Helmer Hardcore – A Doll’s House 2

Jakob Weis (2007)
Translated by Paul Russell Garrett

Helmer Hardcore tackles head-on the issue that has come to define Danish playwright Jakob Weis’ oeuvre: the re-negotiation of masculinity for our times. Like his 19th-century namesake, Helmer worries about his authority as bank manager, and cannot even begin to comprehend why his wife feels unfulfilled. Even his voice echoes that of Ibsen’s Torvald Helmer, thanks to translator Paul Russell Garrett’s deft work on the language of both plays for this ambitious project by [Foreign Affairs]. But Jakob Weis’ all-too-contemporary Helmer knows about organic skincare, lusts after his au pair, is as racist as he is vulgar, and shaves his pubic hair like the porn stars he watches on DVD. Setting the play entirely in a ‘lifestyle’ bathroom like the original Danish production, Trine Garrett’s ingenious decision to stage Helmer Hardcore in a Haggerston basement renders the text’s dark undercurrent literal by placing actors and audience in the cellar which Helmer is having excavated. Trapped in the lavatory with Helmer and his un-dead doctor friend, we are privy to delicious moments of perfectly-pitched comedy, but ultimately must confront a man stripped naked—literally and metaphorically—by his rage at his wife’s abandonment of him and their children.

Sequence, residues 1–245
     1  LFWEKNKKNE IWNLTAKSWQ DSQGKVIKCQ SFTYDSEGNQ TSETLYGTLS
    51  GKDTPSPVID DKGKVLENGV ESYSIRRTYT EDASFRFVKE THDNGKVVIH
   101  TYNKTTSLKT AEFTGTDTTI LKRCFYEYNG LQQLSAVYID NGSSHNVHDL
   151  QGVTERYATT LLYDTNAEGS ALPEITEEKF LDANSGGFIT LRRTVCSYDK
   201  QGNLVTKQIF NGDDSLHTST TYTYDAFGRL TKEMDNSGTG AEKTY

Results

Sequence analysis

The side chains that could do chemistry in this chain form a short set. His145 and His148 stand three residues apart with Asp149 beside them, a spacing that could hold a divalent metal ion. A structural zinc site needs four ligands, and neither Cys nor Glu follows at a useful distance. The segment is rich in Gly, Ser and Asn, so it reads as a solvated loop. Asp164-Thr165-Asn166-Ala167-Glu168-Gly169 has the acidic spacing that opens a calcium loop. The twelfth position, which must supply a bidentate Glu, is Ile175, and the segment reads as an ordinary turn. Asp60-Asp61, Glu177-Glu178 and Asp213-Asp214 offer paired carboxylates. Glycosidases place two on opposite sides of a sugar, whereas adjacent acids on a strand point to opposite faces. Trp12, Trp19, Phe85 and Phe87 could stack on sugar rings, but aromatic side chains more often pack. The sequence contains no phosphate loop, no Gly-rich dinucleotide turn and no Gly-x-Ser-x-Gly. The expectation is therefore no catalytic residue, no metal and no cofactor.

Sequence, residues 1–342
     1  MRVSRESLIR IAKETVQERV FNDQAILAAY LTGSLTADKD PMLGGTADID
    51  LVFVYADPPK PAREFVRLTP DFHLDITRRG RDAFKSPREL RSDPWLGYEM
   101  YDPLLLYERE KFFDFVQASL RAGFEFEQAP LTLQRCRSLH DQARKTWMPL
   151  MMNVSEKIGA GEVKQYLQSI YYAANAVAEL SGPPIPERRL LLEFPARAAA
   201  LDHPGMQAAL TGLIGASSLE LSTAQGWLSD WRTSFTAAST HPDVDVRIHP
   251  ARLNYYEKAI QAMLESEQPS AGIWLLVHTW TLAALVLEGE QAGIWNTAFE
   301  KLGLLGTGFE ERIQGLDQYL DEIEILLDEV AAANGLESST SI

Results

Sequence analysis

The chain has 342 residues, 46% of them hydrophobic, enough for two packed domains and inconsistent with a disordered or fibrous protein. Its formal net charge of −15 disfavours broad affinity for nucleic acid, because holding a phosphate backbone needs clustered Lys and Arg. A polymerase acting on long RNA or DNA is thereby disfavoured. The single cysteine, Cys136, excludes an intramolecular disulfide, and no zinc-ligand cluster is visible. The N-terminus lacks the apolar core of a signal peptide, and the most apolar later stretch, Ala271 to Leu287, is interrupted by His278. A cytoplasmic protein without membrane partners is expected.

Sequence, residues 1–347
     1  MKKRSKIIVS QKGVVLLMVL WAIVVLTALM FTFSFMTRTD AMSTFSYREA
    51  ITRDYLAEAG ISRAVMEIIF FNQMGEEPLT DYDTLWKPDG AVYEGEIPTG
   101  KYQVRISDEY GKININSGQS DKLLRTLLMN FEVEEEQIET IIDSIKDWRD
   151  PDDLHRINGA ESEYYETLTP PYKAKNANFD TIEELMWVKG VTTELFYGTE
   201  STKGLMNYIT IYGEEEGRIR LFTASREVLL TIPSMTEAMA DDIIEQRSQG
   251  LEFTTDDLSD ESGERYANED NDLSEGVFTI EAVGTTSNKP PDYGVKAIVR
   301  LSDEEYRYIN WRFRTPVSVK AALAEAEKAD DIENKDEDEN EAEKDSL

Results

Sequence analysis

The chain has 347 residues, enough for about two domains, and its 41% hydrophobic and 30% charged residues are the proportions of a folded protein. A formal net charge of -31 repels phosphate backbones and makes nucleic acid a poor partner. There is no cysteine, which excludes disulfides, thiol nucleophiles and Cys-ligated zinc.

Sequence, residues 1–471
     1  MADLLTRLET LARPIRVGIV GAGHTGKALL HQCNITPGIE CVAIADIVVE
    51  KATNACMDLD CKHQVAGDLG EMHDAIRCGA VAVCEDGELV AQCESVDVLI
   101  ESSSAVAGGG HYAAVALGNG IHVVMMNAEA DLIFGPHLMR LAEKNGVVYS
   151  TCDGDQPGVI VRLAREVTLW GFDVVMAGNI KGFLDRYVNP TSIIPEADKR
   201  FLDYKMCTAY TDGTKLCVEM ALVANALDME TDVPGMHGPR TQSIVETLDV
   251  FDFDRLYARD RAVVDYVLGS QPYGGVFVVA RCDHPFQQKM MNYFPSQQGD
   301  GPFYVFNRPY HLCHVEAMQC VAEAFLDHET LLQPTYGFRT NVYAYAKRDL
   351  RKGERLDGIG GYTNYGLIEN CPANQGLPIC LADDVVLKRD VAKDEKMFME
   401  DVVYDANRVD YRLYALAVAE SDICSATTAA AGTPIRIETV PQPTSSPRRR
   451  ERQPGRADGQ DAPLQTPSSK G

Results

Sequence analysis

Claire Thomson
Senior Lecturer in Scandinavian Film

Seeing Jakob Weis’ critically acclaimed play performed in English was a thought-provoking and very promising experience. It proved that well-translated Danish drama works perfectly well in a British context.

Kåre Odgaard Gade


This was a modern-day imagining of the aftermath of the events in Ibsen’s A Doll’s House and is being performed alongside it as a kind of double bill. Specifically, it revolves around what happens to Torvald Helmer, the husband of Nora after she walks out on him and her family. Once again the set is very minimalist black with white highlighted objects. I found the play very thought provoking and was impressed by the character development that Torvald goes through. He reaches something of an epiphany before the climactic tragic ending. Will Timbers is excellent as Torvald in a very demanding role as he becomes a much more multi-dimensional character from the rather deliberately two dimensional one in A Doll’s House. Polly Attala is similarly almost unrecognisable as a femme fatale Kristine in contast to the meek creature she was the first play. Two new characters are introduced; Krzysia Balinska is very funny as the petulant and flirtatious au pair, Svetlana; and Hugo Trebels is Kristine’s new lover, Mr Chinaman, who may also have been Nora’s financier. Nora and Krogstadt are alluded to but neither appear in this play. Again, there was a nice design touch with one of Torvald’s children being played by a life size puppet and a remote controlled toy car representing the joie de vivre of childhood. This is a very wordy and esoteric play which really questions the place of the modern man in contemporary society.

Audience Club Member

Foreign Affairs
Rose Lipman Building
43 De Beauvoir Rd
N1 5SQ